One of the best things about kayaking is that it can be done by pretty much anyone. And all you really need to understand is that by developing a good technique you can both paddle more efficiently and be much safer when you are in the water.
Poor technique will also tire you out faster and that’s half the reason you should practice good technique. It will give you much more energy, and therefore you will have the energy reserved should you find yourself in a dangerous situation or in suddenly changed conditions.
While sitting position in a kayak is important, paddling, paddle technique and how you hold your paddles is very important too.
Holding your paddle
How you hold your paddle with be an important contributor to ensuring that your stroke is efficient and does not tire you out. You should also ensure you have a paddle that is the appropriate size and length for your.
If you are not sure what size is best for you, you can check it out online, or you can ask in your local paddle shop to find one that is suited to you.
Your paddling blades
You need to know your blades when you are paddling your kayak. Ensure the blades are matched, or feathered.
It is much easier to learn with blades that are matched, if your blades are feathered, you should look at the shaft’s center for pushbutton and holes that encircle the shaft. Press this button and rotate it until the blades are parallel.
If the blades are asymmetrical then this would mean that one blade is a bit shorter than the other. This can be subtle, so it is important to play close attention to this. This shape helps the paddle not to spin as you pull it through the water.
If you see a uniform oval, then you have symmetrical blades. While you can paddle with any blade type you need to know which type you are paddling with.
Check if the blades are slightly curved, this is not uncommon. If they are then pay attention to where the concave side faces when you grip the shaft. The curvature should let you get hold of more water for a more powerful stroke.
Orient your blades
Orienting your paddle blades is all about lining it up with you for the best stroke. You need to pick up your paddle, hold it in front of you and check it.
Check that as you hold it your large knuckles point up and that your blades are perpendicular to the surface of the ground.
Ensure that the shorter side of each blade is on the bottom, if you have asymmetrical blades.
Make sure that the concave side of each blade is facing you if you have this feature.
Holding the shaft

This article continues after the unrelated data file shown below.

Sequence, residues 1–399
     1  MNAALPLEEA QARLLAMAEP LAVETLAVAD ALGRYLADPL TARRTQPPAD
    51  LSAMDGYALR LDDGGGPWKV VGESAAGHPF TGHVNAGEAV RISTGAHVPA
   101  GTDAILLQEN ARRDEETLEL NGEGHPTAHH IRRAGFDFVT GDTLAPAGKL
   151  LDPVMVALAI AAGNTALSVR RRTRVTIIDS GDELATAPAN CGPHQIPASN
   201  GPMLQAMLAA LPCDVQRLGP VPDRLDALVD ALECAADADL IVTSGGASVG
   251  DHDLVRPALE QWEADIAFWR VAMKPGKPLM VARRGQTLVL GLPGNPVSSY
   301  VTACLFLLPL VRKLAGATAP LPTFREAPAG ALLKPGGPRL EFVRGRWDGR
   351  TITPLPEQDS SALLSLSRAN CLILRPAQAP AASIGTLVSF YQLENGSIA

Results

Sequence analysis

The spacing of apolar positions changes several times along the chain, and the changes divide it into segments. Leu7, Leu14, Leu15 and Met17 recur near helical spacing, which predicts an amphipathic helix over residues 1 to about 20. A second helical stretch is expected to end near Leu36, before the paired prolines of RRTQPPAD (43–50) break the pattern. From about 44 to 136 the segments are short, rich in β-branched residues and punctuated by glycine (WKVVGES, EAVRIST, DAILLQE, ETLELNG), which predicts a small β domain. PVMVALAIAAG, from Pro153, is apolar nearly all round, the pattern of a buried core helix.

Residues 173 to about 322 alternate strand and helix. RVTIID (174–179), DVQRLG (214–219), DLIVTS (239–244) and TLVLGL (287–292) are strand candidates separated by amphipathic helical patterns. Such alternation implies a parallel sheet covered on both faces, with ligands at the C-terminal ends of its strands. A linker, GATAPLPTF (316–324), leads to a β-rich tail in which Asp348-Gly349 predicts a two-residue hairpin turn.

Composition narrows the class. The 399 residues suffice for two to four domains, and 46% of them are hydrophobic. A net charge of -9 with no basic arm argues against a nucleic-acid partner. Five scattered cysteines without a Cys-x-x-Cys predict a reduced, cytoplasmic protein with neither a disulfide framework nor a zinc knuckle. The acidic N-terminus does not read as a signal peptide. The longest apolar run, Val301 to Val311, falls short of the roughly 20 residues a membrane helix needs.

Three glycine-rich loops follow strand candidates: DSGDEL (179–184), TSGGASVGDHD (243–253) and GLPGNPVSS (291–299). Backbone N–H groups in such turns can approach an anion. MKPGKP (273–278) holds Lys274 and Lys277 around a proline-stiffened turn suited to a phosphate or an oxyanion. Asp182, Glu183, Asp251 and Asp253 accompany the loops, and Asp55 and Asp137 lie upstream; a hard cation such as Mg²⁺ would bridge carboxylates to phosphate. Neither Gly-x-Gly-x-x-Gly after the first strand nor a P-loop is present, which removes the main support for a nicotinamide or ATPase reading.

The shaft is the part that you hold as you paddle. To adjust and ensure you are holding adequately, you can rest the shafts center point on your head, then readjust your grip so that your elbow are positioned at a 90-degree angle.
This way when you bring the paddle down in front of you, you should have a ‘paddlers box’, which is a shape formed by the shaft, arms and your chest. Maintaining this box as you stroke will help you rotate your torso correctly and maintain a perfect technique.
While it may be tempting to grip hard onto the shaft of your paddle, it can easily fatigue your arms, wrists and hands. You do not need to grip on for dear life. Having a relaxed grip can be especially useful. It will remind you to rely on your torso instead to power your paddle strokes.
To do this, make an ‘O’ shape with your fingers around the shaft, do this with your index finger and your thumb. Then rest your other fingers gently on the shaft.
How to forward stroke
Forward stroke is paddling’s most important stroke, and it is also the stroke that you will spend a majority of your time doing. To do these strokes it is important to engage your stronger torso muscles, in your core and in your back to do most of the work, not just your arms as you would expect.
You should ensure that you are holding your paddle correctly.
Then start off which the catch phrase, during this phase you wind your torso and immerse your blade into the water on one side. Then you perform the power phase rotating your torso as the blade moves behind you, follow the blade in the water with your eyes and let your torso follow. While focusing on pushing against the shaft with your upper hand as you do so.
Then you release, when your hand reaches just behind your hand. At this point remove your blade from the water.
How to Backward stroke
This stroke can be used as a type of ‘braking’ You can use it to back up or halt your movement. It is the exact opposite of forward stroke.
Start with the drop phrase, wind your torso and immerse your blade on the side of the boat near your hip. Then rotate your torso as the blade moves in front of you. Then finally release when the paddle blade is even with your feet and slice it from the water.
What about sweep stroke
If you were to repeatedly do the forward stroke on one side the boat would slowly turn. Doing a sweep stroke is a more efficient way to turn a boat.
Start off with the catch phrase, extension your arms forward and immersing by your feet, sweep beginning in the direction opposite the direction you want to turn in.
Sweep the blade in a wide arc towards the stern. Power your body's rotation to optimize the stroke. When the blade approaches the hull behind your cockpit, slice the blade and remove.
This should result in an effective gradual arcing turn.